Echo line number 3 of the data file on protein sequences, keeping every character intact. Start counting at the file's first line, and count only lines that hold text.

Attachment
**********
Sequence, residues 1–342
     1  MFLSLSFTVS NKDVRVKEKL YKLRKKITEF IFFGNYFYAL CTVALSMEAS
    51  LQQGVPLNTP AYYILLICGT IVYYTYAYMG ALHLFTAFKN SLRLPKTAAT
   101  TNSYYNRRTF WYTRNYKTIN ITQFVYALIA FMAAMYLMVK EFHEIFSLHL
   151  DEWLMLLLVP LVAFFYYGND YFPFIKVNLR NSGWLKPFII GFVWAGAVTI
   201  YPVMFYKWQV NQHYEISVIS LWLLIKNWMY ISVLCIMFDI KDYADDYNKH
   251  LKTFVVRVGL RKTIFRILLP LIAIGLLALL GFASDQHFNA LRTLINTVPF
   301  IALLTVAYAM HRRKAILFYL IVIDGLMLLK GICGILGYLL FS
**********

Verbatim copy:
    51  LQQGVPLNTP AYYILLICGT IVYYTYAYMG ALHLFTAFKN SLRLPKTAAT